It is generally and quite correctly argued that within an economy, women’s work participation is determined by several factors such as age, education level, skill levels, wages, household income level, marital status and several other economic, socio-political and cultural factors. However, while these do determine the necessary conditions for women to enter the workforce, that is mostly the supply side factors of women’s employment, the issue of whether women workers are able to participate in ‘gainful economic activities’ depends greatly on the degree of women’s access to the labour markets.
Several barriers exist for women to access the labour markets. The most important barrier cited by Marxist feminist scholars has been the historically determined sexual division of labour with the advent of private property. Engels in ‘The Origin of Family, Private Property and the State’ has argued that women’s oppression rests on the relationship between the sexual division of labor and the mode of production. He argues that the rigidities of the sexual division of labour was non-existent in the pre-class societies. However this underwent a fundamental transformation with the onset of class society, which is to say that with the development of private property, men tended to take up jobs which were ‘heavy-duty’, (involving larger amount of physical labour) and women were relegated to the roles of the reproductive sphere.
As the site of production shifted away from the household, women were required to play a much more central role in reproduction as increases in agricultural productivity also led to an increase in the demand for labour and women were confined to rigid reproductive roles more than ever. There are also many other historical documentation which shows us that women have ingeniously been stereotyped as a caretaker of the economy, slowly and gradually pushing her into the ‘unpaid care economy’, which for a long time, kept women preoccupied in the reproductive economy, without acknowledging the huge contributions that she simultaneously made to the productive economy.
These changes obviously took over thousands of years to come into effect. While the above is also a much generalized way to present the rigidities in women’s role, it of course was different across civilizations, continents, regions and societies. However, that private property and development of capitalism altered the gender relations of a society, is an argument that has been substantiated several times in the accounts of Marxist feminist scholars. It has also been more or less accepted by the feminists that the ‘family’ in its nuclear form has been a major site for the subjugation of women where roles of men and women are defined rigidly.
Thus while this creates a barrier to the entry of women into the labour markets, there also exists the contestations for this argument where it is often claimed that the advance of capitalism has broken new grounds for women’s empowerment. Women have been pushed out of the confines of the households to take up gainful employment which has helped in the emancipation of women. Undoubtedly, with the advance of capitalism, women have come to play an important role in the sphere of labour markets. During the period of industrial revolution, women had participated in large numbers in the process. In the period of post war reconstruction period, there were several types of home based activities that had emerged where women would participate to earn additional incomes for the households, while they were also being pushed out of the factories to make space for their male counterparts.
In the last few decades, in the emerging form of globalisation, re-emergence of free markets, removal of tariff barriers, ushering in of free trade agreements, women in developing countries have come to play a very important role. This kind of globalised world has definitely created newer avenues for women’s employment. In the entire global south at some period or other export-oriented employment in the factories saw a substantialrise in the rate of growth of women’s employment. During 1970s to 1990s ,Mehra and Gammage (1999) have shown that economic activity among women increased in all regions except Sub-Saharan Africa and East and South-East Asia. In the latter two Asian regions, they were already high. Large increases occurred in countries that adopted export-oriented development strategies, and especially those that set up Export Processing Zones (EPZs), where women comprise on average about 70 percent of the labor force(JoekesandWeston,1994).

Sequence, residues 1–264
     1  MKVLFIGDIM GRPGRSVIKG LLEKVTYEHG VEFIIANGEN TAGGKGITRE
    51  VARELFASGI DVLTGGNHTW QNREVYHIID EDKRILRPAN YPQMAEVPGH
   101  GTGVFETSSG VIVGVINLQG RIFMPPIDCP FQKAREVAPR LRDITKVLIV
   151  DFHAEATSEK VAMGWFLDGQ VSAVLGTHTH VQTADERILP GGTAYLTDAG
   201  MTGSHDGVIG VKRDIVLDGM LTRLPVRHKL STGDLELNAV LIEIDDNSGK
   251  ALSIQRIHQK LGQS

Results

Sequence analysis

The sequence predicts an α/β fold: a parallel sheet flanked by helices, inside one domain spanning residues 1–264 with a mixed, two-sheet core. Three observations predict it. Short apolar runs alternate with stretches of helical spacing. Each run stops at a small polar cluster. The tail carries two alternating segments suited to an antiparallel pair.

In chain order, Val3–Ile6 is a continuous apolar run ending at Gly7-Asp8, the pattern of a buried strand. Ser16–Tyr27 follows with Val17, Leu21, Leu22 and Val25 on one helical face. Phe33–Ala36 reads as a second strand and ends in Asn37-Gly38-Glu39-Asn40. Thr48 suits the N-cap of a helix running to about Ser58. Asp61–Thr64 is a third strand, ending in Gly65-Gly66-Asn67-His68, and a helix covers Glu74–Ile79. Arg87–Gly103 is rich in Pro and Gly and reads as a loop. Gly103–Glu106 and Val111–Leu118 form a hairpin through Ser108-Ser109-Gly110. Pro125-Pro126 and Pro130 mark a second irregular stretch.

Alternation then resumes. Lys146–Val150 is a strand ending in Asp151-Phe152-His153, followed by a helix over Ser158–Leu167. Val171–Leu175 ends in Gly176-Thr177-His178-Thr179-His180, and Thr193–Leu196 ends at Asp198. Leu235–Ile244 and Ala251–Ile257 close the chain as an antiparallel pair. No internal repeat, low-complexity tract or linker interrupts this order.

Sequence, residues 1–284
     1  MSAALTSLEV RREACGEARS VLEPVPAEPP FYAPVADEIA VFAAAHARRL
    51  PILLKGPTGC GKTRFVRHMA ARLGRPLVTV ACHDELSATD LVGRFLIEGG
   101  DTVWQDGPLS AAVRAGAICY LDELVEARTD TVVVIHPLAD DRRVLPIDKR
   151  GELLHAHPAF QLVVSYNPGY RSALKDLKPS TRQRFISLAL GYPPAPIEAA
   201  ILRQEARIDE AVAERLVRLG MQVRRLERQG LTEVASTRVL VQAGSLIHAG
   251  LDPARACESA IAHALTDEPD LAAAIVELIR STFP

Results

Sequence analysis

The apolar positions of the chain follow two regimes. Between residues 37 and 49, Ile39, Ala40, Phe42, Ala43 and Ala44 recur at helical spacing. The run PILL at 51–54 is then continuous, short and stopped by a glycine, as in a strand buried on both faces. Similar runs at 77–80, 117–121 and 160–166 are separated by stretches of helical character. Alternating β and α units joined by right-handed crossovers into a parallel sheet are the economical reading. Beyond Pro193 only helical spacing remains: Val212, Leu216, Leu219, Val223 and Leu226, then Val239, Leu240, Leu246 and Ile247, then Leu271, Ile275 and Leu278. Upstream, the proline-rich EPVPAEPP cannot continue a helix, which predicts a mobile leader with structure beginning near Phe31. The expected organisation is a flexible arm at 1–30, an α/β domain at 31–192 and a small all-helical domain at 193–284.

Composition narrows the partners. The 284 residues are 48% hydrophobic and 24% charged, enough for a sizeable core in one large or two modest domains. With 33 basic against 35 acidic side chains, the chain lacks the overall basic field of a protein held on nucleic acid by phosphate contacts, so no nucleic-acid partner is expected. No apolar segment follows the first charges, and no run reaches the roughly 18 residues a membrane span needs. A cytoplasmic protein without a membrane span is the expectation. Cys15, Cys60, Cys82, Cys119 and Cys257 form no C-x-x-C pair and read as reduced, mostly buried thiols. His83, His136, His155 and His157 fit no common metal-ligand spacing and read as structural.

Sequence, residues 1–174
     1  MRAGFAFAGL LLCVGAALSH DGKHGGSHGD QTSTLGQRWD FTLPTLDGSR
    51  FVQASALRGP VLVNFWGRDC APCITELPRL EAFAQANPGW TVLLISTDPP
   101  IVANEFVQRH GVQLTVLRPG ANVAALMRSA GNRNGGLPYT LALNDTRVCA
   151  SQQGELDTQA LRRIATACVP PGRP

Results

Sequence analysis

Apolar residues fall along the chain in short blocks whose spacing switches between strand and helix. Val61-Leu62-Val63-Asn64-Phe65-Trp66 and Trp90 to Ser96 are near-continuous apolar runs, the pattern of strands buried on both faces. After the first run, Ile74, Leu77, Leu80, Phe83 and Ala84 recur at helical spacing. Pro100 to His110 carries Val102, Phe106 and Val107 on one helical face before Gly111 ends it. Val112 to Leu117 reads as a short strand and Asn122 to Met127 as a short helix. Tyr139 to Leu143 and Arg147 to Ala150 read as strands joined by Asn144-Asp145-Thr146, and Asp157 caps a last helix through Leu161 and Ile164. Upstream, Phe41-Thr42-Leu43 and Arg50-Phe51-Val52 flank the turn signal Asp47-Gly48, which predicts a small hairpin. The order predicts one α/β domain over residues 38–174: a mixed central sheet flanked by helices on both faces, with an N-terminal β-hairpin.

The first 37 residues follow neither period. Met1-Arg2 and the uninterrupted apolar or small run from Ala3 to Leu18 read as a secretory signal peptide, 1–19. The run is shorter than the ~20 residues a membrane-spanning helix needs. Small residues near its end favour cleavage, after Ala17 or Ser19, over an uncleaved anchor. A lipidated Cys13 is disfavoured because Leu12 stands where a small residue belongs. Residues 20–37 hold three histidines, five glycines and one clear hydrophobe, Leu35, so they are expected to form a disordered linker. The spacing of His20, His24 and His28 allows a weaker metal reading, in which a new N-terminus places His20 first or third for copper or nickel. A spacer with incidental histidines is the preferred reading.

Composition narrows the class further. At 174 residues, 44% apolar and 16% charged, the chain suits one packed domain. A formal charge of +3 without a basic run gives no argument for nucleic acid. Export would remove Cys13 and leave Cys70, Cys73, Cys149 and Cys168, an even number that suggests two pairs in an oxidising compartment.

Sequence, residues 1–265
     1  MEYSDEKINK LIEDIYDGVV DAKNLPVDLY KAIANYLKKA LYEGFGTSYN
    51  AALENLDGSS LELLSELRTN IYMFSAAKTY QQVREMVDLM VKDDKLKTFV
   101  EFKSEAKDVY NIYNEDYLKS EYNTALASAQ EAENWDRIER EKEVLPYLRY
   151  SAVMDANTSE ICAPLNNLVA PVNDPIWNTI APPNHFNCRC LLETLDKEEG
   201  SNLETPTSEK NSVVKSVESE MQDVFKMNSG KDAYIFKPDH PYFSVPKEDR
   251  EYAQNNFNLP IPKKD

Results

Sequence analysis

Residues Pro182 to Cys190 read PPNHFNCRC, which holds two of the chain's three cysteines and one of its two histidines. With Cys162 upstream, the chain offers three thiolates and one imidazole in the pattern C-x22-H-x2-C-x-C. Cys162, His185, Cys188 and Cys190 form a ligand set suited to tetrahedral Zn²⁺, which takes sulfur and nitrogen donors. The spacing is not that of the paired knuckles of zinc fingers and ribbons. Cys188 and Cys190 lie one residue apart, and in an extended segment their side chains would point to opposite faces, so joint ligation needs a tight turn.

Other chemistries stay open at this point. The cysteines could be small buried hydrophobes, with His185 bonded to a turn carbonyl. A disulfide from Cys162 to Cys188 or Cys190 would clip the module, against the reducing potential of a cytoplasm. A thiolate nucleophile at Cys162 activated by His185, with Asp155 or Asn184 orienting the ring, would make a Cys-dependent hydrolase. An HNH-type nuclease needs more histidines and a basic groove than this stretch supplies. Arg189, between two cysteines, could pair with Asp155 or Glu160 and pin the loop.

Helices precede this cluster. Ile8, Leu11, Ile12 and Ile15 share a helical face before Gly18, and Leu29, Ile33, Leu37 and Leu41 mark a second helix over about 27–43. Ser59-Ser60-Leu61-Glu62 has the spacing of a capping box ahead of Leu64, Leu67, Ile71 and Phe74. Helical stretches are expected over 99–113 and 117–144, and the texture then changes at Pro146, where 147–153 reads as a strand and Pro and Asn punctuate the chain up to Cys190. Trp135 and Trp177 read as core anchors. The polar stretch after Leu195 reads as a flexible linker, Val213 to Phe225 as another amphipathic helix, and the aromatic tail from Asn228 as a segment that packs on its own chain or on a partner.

However, economic crisis in the developing South especially in the developing Americas in the early and mid-1990s and the South-east Asian crisis of the 1997-98, led to a process of increased informal employment for women in the form of a surge in home-based sub-contracted employment outsourced by the large MNCs. The ILO_WIEGO report on Women and Men in the Informal Economy, 2013 reports that out of the total home based workers, 62 percent in South Africa, 70 percent in Brazil and 88 percent in Ghana are women. Significant portions of homebased work pertain to manufacturing activities. Homebased work for women also account for self-employment in women workers and this forms a bulk of women’s work in South Asia (ILO_WIEGO, 2013).
Apart from manufacturing activities, increased global migration of women for work has also given rise to increase employment of women in domestic work. It is common knowledge that women from the countries of the global South travel across the globe to serve as maids, cooks, nannies, housekeepers, etc. for affluent households in the global North and Gulf countries. The latest conservative estimates find the number of domestic workers increased from 33.2 million in 1995 to 52.6 million in 2010 – or 3.6 per cent of global wage employment (ILO_WIEGO 2013). The State of World Population 2006, UNFPA, reports almost half of 200 million international migrants are women and girls. Domestic workers are an important part of this growing trend. Asia is a large source of international migrants who work as domestics. As of the mid-2000s, around 6.3 million Asian migrants were legally living and working in the more developed Asian countries (UNFPA, 2006). The Gulf countries alone employ millions of migrant domestic workers. In Saudi Arabia there are approximately 1.5 million domestic workers (Human Rights Watch 2008) mostly migrated from Indonesia, the Philippines and Sri Lanka. In Latin America, domestic workers (most women) account for up to 60 per cent of internal and cross-border migrants. Young women, in particular, migrate from rural areas to cities or from lower income to higher income countries. Women migrants from Mexico and other parts of Latin America make up most of the domestic workforce in the USA (UNFPA, 2006), accounting for 58 percent of workers in personal and related services in 2000. Regional, country-specific and more detailed, in-depth micro studies also reveal an array of activities in which women remain gainfully employed. However certain features of women’s employment have not ceased to exist.